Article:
A Blog of Chill Orientation – Ephesians 1:3-14, Day 3

Triad Study Ephesians 3 Bible with Green and Blacks Organic Milk Chocolate with Almonds
On the left: an archaic form of English. On the right: an archaic form of Greek. Fam, this school is old.

Study: Hope Church Triad Program

Today’s ChocolateGreen & Black’s Organic Milk Chocolate with Almonds

Today’s Passage: Ephesians 1:3-14

Remember Walter Brueggemann’s classification scheme for the Psalms: orientation, disorientation, and new orientation? I feel like you could apply the same scheme to my blog here. You’ve got your (i.e. my) posts of orientation, posts of disorientation…and sometimes a move from one mode to another. Take yesterday, where I took a step back, looked at myself and Ephesians 1:3-14 here, and moved from disorientation to new orientation. I’ve got a feeling I might manage a post of disorientation before we close out the week, but man, sometimes I get so tired of trying to whip up some thoughts for the blog. Sometimes I just wanna rest.

The Multiply book accompanying the Triad study emphasizes rest. Paul’s main point here may not be to present praise as a normative response to grace, but in Multiply, Pastor Stephen Kirk presents rest as a normative response to God’s guarantee in the Holy Spirit. The book includes an extended breathing exercise, encouraging the reader: “Breathe in and breathe out the truth of God’s grace” (Multiply 51). Kirk punctuates each cycle of inhalation and exhalation with a reassurance of God’s grace, emphasizing that his blessings in Christ depend not on our goodness, but God’s.

To be honest, rest isn’t the first thing I’d go for in describing the focus of this chapter. Paul’s tone strikes me as more ecstatic than anything, and while Kirk draws heavily on Paul’s description of the Spirit as “a deposit guaranteeing our inheritance” (Ephesians 1:14, NASB), Paul points to the outcome of that guarantee as praise. Peace and rest are so secondary to his immediate point that the words don’t even show up in this passage.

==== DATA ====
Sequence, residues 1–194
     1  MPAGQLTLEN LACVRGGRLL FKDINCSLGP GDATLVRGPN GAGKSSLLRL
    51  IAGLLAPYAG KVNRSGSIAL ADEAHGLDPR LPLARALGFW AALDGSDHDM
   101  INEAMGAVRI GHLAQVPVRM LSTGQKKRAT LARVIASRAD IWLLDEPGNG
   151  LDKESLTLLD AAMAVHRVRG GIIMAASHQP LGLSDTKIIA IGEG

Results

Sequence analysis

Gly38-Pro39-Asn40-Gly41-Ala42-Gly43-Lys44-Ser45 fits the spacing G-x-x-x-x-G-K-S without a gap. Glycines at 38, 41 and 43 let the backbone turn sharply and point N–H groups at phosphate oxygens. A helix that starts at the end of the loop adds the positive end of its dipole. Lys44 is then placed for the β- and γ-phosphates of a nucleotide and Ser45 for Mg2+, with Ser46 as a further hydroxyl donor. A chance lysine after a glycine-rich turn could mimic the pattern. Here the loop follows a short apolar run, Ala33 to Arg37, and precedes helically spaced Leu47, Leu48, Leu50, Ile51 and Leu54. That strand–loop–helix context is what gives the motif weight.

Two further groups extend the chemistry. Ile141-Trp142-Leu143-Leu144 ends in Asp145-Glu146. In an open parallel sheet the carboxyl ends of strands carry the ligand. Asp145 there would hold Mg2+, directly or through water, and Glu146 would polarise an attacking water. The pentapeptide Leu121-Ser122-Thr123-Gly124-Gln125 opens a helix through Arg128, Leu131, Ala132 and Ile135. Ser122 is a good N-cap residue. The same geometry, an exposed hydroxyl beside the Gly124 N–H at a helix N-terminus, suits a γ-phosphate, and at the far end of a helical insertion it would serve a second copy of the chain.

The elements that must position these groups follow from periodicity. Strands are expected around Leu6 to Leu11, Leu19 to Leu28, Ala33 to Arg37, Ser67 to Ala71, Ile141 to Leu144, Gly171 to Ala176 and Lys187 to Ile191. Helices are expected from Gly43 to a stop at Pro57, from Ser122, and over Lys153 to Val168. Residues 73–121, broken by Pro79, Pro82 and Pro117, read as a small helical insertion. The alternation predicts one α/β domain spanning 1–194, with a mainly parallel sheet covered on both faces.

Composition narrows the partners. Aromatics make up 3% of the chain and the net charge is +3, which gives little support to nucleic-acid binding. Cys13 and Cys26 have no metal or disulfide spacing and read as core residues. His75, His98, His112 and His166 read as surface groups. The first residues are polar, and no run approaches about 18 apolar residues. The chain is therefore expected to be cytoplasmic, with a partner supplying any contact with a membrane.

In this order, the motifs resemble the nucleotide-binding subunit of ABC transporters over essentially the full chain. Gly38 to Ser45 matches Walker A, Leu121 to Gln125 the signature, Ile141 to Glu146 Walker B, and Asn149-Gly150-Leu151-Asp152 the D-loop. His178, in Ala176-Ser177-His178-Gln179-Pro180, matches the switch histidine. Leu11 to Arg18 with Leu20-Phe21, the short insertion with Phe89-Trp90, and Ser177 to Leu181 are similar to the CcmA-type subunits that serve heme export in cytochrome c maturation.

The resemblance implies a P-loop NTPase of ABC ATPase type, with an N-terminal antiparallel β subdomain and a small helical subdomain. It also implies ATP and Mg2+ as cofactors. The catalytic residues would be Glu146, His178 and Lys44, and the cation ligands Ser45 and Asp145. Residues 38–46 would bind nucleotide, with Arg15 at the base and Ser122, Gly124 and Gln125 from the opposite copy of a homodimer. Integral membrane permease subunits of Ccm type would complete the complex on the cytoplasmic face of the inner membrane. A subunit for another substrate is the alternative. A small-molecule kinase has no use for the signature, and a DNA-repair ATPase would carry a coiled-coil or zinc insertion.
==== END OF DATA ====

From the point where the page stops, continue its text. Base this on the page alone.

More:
But it would be ridiculous of me to insist that we can look at no other scriptures all week long, and there are plenty of other scriptures that reject the restlessness of works-driven salvation. Paul uses the word “peace” eight times in his letter to the Ephesians, even urging his readers to pursue “the unity of the Spirit in the bond of peace” (Ephesians 4:3). His other writings have plenty to say about the futility of attempting to earn salvation by your own deeds, and if you consider Paul to be the author of the epistle to the Hebrews, then you believe he wrote this: “For the one who has entered His rest has himself also rested from his works, as God did from His” (Hebrews 4:10). And in fact, Paul’s corpus reflects a theme of resting in God’s grace throughout the entire Bible. As we saw during our study of the Sabbath, sometimes rest is even mandatory!

Okay, look, that last one may convolute things a bit. But if rest is ever mandatory, today is a day I am not complaining. We can bring in other scriptures when we talk about the passage of the week during the Triad study! We can relate stuff to other stuff! We can chill out and not make a big issue of things! And that is exactly what we’re going to do.

2 thoughts on “A Blog of Chill Orientation – Ephesians 1:3-14, Day 3

  1. One of my favorite places in Scripture: About Benjamin he said: “Let the beloved of the LORD rest secure in him, for he shields him all day long, and the one the LORD loves rests between his shoulders.” (Deut. 33:12 NIV)
    In context Moses says this about Benjamin, a tribe of Israel, descended from Jacob’s (Israel’s) youngest son. But in other places in Scripture, God offers us the secure position pictured here when we receive Christ into our lives. We are beloved, secure, shielded, and we live resting between the LORD’s shoulders.
    I liked the way you viewed this Ephesians passage as carrying the message about God’s “boat load of gifts”.


Leave a Reply

Fill in your details below or click an icon to log in:

WordPress.com Logo

You are commenting using your WordPress.com account. Log Out /  Change )

Twitter picture

You are commenting using your Twitter account. Log Out /  Change )

Facebook photo

You are commenting using your Facebook account. Log Out /  Change )

Connecting to %s

This site uses Akismet to reduce spam. Learn how your comment data is processed.